[tex]L_2 Error = 8/3 - 1 => Error % = 50%[/tex]
    [tex]R_2 Error = 8/3 - 5 => Error % = 87.5 %[/tex]
    [tex]M_2 Error = 8/3 - 7/3 => Error % = 6.25 %[/tex]
    [tex]T_2 Error = 8/3 - 3 => Error % = 12.5 %[/tex]
    try out Simpson's rule yourself.

    [tex]Error (T_N) \leq k_2 (b-a)^3/{12N^2}[/tex]
    [tex]Error (M_N) \leq k_2 (b-a)^3/{24N^2}[/tex]
    [tex]Error (T_N) \leq k_4 (b-a)^5/{180N^4}[/tex]

    {will likely add up few pictures for illustration}
    Last edited by a moderator: Oct 16, 2010
  5. Aug 12, 2009 #4
    3) U-Substitution Method

    It is one of the most easy yet efficient and effective method of integration. It states:

    If [tex]F^\prime(x) = f(x)[/tex] then,

    [tex]\int f(u(x)) u^\prime(x) dx = F(u(x)) + C[/tex]

    Basically, if the integrant has a function, u(x), and it's derivative, u^\prime(x), then use this method.

    For ease of understanding I'll divide this method into two parts namely: U-Substitution on Indefinite Integrals and U-Substitution on Definite Integrals.

    3.1 Substitution Method for Indefinite Integrals

    Recall that Indefinite Integrals are the one without upper and lower boundaries. Lack of boundaries makes it easier.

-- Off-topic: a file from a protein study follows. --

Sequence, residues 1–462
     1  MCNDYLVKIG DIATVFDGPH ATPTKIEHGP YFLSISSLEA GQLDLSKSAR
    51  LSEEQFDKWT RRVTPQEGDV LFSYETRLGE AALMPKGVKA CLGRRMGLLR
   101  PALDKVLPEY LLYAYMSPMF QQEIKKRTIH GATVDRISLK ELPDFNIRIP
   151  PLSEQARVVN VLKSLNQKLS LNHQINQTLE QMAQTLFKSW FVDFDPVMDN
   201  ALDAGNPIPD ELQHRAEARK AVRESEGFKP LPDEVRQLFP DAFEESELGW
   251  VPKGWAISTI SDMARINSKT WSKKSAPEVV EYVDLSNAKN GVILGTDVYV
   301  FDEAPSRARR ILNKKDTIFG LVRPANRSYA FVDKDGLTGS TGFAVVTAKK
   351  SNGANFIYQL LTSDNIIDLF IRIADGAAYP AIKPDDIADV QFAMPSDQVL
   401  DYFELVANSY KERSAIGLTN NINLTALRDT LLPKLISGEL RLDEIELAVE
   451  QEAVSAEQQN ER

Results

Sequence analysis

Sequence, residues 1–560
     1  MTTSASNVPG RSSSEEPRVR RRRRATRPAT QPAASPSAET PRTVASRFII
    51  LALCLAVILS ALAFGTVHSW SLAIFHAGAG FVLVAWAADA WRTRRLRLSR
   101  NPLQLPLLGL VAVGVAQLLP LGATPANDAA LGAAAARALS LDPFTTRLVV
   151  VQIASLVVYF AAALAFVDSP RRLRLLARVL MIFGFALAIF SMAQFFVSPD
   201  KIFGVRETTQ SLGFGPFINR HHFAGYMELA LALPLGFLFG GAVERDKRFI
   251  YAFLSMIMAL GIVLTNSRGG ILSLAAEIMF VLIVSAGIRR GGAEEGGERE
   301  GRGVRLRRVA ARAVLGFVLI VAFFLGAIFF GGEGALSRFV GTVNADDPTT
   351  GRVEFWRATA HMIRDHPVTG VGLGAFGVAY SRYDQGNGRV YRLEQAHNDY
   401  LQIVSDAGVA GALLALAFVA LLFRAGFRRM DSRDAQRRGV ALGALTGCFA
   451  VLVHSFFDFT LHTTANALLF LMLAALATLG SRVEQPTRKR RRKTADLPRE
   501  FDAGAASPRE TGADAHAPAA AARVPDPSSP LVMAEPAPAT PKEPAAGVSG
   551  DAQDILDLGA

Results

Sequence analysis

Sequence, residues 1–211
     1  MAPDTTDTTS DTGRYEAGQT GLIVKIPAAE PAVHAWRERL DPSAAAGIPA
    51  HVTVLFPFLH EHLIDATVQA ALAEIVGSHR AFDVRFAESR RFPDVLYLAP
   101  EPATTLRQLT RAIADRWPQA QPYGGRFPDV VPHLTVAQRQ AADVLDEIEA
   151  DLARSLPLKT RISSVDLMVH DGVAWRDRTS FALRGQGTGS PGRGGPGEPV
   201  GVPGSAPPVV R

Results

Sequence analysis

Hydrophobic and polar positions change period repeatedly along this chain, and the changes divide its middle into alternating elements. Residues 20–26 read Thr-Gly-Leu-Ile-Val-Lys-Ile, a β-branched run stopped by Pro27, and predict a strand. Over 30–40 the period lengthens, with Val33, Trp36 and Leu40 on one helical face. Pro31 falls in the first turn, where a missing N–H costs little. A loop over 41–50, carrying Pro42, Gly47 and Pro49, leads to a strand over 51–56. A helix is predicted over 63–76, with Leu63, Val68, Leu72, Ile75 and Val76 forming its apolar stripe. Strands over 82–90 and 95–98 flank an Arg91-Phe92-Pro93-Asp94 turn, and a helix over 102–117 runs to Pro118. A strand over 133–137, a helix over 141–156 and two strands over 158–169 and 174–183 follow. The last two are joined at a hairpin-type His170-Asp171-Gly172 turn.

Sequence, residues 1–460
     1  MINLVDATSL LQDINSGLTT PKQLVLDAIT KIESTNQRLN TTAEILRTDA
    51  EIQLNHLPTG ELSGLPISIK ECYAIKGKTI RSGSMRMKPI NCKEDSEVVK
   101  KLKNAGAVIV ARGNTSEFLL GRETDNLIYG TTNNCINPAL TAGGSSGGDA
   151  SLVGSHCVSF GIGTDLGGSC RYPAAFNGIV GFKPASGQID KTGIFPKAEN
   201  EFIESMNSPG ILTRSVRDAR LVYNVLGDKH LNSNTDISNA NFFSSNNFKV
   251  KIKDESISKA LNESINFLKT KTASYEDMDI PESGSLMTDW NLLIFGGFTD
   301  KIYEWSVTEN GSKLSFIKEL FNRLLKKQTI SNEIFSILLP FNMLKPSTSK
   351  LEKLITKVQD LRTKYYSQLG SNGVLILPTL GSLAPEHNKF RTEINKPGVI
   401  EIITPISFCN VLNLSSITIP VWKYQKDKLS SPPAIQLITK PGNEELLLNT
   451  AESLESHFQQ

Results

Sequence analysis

Example 3.1.1:

    [tex]\int 2x cos(x^2) dx[/tex]

    {Notice: [tex]2x[tex] is the derivative of [tex]x^2[/tex]}

    Step 1: Make a substitution:

    let [tex]u = x^2[/tex]

    so, [tex]du/dx = 2x => du = 2x dx[/tex]

    Step 2: Write the integral in terms of u and evaluate:

    [tex]\int 2x cos(x^2) dx = \int cos(u) du[/tex]

    [tex] = sin(u) + C[/tex]

    Example 3.1.2:

    [tex]\int (2x+1) e^{x^2+x} dx[/tex]

    {Notice: [tex]2x+1[/tex] is the derivative of [tex]x^2+x[/tex]}

    Step 1: Make a substitution:

    let [tex]u = x^2 + x [/tex]

    so [tex]du/dx = 2x + 1 => du = (2x+1) dx[/tex]

    Step 2: Write the integral in terms of u and evaluate:

    [tex]\int (2x+1) e^{x^2+x} dx = \int e^u du[/tex]

    [tex]= e^u + C[/tex]

    Example 3.1.3:

    [tex]\int (ln x)^2/x dx[/tex]

    {Notice [tex]1/x[/tex] is the derivative of [tex]lnx[/tex]}

    Step 1: Make a substitution:

    let [tex]u= lnx[/tex]

    so [tex] du/dx = 1/x => du = 1/x dx[/tex]

    Step 2: Write the integral in terms of u and evaluate:

    [tex]\int (ln x)^2/x dx = \int 1/ \sqrt u du[/tex]

    [tex]= \int u ^{-1/2}[/tex]

    [tex]= 2u^{1/2} + C[/tex]

    Example 3.1.4:

    [tex]\int 1/\sqrt {x-1} dx[tex]

    {Notice: [tex]1[/tex] is the derivative of [tex] x-1[/tex]}

    Step 1: Make a substitution:

    let [tex]u = x-1[/tex]